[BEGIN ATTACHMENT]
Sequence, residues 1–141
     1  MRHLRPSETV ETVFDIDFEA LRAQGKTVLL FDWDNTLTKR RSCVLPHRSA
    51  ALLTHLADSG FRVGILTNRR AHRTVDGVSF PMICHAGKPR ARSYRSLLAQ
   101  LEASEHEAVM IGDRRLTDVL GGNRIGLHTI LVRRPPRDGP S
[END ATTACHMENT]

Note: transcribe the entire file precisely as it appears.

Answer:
Sequence, residues 1–141
     1  MRHLRPSETV ETVFDIDFEA LRAQGKTVLL FDWDNTLTKR RSCVLPHRSA
    51  ALLTHLADSG FRVGILTNRR AHRTVDGVSF PMICHAGKPR ARSYRSLLAQ
   101  LEASEHEAVM IGDRRLTDVL GGNRIGLHTI LVRRPPRDGP S